Director: David Bruckner
Writer: Joe Barton
Based on: Adam Nevill‘s novel
Cast: Rafe Spall, Arsher Ali, Robert James-Collier, Sam Troughton, Paul Reid
Seen on: 3.9.2022
After their friend Rob (Paul Reid) is killed during a robbery, Hutch (Robert James-Collier), Luke (Rafe Spall), Phil (Arsher Ali) and Dom (Sam Troughton) go to Sweden together to go on the hiking trip that Rob suggested just before he died. Despite not being very experienced hikers, everything goes well until Dom falls and twists his ankle. They decide to deviate from the original plan and go through the forest instead of around it. But there is something in the forest. Something that is hunting them.
The Ritual starts off well enough when establishing its characters and their situation. But once it would have been time to really dig in to that, it turns to scariness instead and loses its grip on the story and the audience watching.
The Ritual does have some good scares, don’t get me wrong. And the monster design is absolutely fantastic. Inventive and creepy, it’s been a while since I saw something of its caliber. So the potential was definitely there.
But for it to work emotionally, one would have to care about the characters, or at least get the feeling that the movie is trying to say something. That is where the film starts faltering. One problem is that we only get an idea of Luke and his struggles: he saw Rob die. He might have intervened, to uncertain outcome, but he chose to stay in hiding and protect himself. He feels guilty. Did he make the right decision? Was it his fault Rob died? We don’t know much more about Luke and his background, but we know more about him than about the other three guys, except maybe Dom who has a wife and children and a successful business. And we do know that all four of them are dudebros, manly men. All, that is, except maybe Dom who is constantly ridiculed by the others for his supposed softness.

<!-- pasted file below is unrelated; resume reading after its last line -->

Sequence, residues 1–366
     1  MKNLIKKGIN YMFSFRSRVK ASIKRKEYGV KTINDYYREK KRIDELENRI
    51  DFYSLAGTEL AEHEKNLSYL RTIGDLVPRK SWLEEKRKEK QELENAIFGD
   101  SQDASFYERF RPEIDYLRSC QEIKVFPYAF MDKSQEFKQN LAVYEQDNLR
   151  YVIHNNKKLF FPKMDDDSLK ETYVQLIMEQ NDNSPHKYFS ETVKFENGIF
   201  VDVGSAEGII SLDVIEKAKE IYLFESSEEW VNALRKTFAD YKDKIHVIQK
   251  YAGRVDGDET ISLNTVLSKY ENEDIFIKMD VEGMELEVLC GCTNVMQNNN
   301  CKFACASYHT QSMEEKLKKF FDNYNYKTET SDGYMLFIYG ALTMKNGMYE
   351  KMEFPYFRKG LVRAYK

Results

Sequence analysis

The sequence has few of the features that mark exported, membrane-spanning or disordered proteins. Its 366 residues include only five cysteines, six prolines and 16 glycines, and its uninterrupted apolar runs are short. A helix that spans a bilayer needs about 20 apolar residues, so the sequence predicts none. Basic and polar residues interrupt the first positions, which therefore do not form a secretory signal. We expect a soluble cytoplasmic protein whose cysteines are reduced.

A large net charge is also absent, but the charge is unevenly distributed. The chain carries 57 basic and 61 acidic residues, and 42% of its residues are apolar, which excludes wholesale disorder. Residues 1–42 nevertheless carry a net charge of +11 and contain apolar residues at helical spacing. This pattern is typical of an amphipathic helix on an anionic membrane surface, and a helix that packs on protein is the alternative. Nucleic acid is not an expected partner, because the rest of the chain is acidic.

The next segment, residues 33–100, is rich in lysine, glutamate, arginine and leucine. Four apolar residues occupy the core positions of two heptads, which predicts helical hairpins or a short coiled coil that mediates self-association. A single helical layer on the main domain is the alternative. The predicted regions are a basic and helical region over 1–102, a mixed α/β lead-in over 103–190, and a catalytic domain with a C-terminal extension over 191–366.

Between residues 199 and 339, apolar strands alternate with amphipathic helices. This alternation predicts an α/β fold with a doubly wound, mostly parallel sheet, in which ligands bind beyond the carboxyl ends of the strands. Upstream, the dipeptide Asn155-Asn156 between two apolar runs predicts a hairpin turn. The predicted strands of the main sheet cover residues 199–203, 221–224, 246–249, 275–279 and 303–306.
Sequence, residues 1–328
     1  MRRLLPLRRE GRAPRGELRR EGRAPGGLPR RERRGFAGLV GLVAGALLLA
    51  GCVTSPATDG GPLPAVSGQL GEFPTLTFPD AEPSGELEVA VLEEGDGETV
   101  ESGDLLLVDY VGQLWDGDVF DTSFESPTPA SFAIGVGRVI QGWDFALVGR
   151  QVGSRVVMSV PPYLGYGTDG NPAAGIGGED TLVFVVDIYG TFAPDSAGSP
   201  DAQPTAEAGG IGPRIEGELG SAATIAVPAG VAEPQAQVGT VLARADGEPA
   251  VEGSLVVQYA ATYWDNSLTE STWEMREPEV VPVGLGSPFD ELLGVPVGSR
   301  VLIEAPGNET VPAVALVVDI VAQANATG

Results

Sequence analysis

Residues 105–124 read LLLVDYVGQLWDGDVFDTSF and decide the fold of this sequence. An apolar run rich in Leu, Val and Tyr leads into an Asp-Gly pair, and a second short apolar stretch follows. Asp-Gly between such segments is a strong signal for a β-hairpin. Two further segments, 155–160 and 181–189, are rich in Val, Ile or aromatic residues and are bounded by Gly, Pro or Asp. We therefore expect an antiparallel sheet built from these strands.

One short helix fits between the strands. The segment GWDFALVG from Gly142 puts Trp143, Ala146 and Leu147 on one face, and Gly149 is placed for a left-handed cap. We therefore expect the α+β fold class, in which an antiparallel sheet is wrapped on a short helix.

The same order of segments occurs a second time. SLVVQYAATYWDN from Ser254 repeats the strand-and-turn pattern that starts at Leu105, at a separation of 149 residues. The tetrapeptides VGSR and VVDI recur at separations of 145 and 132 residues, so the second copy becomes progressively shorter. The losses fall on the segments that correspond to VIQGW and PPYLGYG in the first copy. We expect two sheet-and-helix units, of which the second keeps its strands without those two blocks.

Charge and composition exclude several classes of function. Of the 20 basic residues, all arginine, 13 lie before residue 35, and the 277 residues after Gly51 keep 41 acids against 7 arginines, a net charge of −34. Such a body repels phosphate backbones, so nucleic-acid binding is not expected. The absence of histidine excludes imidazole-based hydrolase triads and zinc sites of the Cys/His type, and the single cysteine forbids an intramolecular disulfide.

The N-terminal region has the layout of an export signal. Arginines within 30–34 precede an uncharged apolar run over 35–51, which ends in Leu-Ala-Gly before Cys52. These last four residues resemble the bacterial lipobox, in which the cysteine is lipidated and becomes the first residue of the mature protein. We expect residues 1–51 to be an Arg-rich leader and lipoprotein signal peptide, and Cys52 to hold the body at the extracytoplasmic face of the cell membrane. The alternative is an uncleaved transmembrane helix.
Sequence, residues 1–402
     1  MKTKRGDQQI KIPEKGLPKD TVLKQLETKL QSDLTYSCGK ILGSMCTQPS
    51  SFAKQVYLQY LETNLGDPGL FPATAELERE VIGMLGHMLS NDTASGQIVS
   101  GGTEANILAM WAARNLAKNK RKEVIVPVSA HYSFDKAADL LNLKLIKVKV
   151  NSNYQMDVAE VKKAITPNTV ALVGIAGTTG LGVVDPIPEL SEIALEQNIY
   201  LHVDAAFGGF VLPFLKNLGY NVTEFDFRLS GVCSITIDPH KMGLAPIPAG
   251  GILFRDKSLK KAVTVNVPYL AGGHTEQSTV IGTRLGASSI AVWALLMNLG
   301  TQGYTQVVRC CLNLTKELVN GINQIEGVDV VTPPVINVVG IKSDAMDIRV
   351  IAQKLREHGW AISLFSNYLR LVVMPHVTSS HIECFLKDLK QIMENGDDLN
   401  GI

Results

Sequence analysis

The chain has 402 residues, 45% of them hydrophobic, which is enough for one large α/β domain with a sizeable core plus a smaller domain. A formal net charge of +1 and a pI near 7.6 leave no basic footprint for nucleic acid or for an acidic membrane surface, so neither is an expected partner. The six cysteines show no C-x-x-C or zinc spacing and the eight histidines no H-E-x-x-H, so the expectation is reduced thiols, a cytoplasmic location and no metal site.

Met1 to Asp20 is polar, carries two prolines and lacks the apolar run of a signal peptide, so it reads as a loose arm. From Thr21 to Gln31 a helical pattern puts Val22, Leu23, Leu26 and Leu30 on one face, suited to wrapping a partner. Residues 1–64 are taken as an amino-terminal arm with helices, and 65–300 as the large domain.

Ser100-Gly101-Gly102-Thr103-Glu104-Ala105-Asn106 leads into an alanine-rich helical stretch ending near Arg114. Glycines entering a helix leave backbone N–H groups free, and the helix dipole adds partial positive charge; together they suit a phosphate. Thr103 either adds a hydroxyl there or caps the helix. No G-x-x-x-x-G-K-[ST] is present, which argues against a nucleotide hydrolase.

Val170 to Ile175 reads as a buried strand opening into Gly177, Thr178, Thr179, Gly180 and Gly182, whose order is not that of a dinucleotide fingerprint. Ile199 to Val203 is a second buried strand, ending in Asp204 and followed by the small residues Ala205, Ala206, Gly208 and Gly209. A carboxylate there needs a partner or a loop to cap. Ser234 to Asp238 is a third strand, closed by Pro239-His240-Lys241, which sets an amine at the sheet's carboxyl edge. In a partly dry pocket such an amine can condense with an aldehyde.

That toxic masculinity is never really challenged, and ultimately, when Luke is the only one to leave the forest, one does wonder if the film ever thought about what kind of “moral” it wanted us to take away from the film. (There is always a moral, especially in horror movies with its life and death stakes.) He basically survives because of the guilt he feels, and because he looks out for himself. So, the film seems to say that your best chances at life are if you behave like a dudebro, but feel bad about it? Or something. I doubtthat the film knows what it wanted to say, but if it did, it really doesn’t come across.
If there had been more character work, this could have worked, especially given the excellent way Bruckner and his cinematographer use the forest (and, let me say it again, that creature). The cast would have been good enough to work with. It’s just a pity that they didn’t really.
Summarizing: a missed opportunity, but with good moments.